To determine whether declining semen quality associated with health problems may be due to certain antibiotic or anti-inflammatory treatments, semen was collected 3 times per week for up to 42 d from 6 normal bulls after treatment with oxytetracycline, tilmicosin, dihydrostreptomycin, or phenylbutazone. No adverse effects on semen quality were observed.  (+info)

Enterococcal endocarditis: duration and mode of treatment. (3/1407)

This report summarizes data on sixteen patients with enterococcal endocarditis treated with penicillin and streptomycin. The experience reported suggests that a four week period is adequate for routine therapy in these patients, as in other forms of streptococcal endocarditis. It provides an additional group of patients successfully treated with penicillin and streptomycin. Two relapses were encountered. One of these received inadequate daily doses of penicillin. The other patient was clearly a failure of penicillin and streptomycin, but the failure in this instance could not be attributed to foreshortened treatment (6 weeks) or to high level streptomycin resistance of the infecting strain of Enterococcus.  (+info)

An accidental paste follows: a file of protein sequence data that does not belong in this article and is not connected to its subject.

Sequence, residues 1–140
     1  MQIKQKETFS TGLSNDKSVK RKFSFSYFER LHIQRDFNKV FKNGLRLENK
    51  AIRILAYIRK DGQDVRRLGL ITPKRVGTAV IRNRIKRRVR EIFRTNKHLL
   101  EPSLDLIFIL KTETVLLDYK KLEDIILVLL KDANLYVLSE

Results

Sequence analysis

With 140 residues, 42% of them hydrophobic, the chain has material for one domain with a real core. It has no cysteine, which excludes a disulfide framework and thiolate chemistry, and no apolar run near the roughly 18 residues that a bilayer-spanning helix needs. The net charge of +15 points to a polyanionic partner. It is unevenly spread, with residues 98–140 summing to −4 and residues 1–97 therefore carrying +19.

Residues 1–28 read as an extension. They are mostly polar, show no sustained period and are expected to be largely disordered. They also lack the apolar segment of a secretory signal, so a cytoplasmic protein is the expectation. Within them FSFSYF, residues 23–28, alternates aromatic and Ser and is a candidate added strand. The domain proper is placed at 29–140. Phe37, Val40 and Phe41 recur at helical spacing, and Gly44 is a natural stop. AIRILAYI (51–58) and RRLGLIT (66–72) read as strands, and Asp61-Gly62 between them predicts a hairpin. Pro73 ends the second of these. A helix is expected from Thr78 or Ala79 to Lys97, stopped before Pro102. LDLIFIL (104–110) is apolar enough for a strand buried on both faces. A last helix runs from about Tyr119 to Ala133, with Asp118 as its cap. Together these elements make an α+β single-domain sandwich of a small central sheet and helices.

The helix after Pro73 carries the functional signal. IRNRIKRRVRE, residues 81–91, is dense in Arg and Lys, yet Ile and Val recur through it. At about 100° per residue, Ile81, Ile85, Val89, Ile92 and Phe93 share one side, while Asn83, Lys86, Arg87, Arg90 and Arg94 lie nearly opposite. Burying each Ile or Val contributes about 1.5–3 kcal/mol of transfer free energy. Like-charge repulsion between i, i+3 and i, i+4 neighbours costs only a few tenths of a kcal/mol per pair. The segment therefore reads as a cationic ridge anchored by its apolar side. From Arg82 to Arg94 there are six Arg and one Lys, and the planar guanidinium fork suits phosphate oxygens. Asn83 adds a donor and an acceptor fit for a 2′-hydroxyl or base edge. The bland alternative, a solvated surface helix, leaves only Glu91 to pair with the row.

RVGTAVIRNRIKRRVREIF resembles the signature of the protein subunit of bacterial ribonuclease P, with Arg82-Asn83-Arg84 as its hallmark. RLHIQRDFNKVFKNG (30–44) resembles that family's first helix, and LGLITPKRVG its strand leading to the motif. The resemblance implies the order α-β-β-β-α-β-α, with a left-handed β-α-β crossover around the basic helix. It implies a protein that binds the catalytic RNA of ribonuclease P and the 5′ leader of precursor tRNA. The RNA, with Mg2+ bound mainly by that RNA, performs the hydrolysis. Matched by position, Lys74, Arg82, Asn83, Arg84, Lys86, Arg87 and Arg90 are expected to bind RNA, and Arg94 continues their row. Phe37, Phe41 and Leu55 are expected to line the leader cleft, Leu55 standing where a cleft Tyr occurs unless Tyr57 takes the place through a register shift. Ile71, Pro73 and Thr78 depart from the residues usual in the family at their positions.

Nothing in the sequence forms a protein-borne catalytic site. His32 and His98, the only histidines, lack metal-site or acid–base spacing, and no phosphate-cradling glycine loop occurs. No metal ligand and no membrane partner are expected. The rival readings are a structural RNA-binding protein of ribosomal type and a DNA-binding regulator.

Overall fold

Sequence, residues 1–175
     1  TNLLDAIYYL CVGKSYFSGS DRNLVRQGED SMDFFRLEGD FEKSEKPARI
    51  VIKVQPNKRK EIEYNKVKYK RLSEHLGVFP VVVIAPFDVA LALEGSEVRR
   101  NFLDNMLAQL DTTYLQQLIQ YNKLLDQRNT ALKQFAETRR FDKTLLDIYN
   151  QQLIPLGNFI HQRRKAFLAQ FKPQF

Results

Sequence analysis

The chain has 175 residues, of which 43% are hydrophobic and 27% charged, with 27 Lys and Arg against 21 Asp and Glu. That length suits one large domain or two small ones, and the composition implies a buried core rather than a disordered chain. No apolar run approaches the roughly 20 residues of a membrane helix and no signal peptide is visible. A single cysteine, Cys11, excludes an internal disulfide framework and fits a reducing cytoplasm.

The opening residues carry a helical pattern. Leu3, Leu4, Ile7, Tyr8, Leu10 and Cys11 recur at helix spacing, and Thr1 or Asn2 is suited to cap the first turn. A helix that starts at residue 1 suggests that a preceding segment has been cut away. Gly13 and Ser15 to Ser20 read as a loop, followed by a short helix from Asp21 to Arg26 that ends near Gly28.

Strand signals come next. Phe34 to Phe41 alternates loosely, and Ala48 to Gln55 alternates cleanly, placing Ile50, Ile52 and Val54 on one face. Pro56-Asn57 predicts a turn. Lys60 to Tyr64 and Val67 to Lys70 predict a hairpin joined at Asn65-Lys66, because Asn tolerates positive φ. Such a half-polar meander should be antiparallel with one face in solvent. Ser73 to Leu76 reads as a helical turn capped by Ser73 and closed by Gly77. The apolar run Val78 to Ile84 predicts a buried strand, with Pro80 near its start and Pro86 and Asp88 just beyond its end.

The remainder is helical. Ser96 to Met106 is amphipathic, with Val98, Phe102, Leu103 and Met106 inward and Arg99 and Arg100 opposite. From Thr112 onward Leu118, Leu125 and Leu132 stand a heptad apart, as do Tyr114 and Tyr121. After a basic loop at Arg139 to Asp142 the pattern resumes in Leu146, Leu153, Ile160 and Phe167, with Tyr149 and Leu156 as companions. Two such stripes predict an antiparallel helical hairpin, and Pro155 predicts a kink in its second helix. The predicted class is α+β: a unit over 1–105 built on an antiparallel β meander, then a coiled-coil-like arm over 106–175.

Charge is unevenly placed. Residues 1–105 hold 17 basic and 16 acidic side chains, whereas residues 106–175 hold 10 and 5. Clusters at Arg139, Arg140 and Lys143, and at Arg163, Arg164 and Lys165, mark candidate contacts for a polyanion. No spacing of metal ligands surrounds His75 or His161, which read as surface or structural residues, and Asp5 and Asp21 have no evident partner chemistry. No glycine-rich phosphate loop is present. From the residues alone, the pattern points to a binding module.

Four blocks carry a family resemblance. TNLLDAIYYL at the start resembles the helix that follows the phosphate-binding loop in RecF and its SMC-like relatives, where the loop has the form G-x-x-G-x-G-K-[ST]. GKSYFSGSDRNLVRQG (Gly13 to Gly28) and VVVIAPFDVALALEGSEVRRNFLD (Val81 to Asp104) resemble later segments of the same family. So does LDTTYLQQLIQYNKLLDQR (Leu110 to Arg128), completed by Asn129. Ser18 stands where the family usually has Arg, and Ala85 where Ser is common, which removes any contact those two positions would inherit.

A five-year assessment of controlled trials of in-patient and out-patient treatment and of plaster-of-Paris jackets for tuberculosis of the spine in children on standard chemotherapy. Studies in Masan and Pusan, Korea. Fifth report of the Medical Research Council Working Party on tuberculosis of the spine. (4/1407)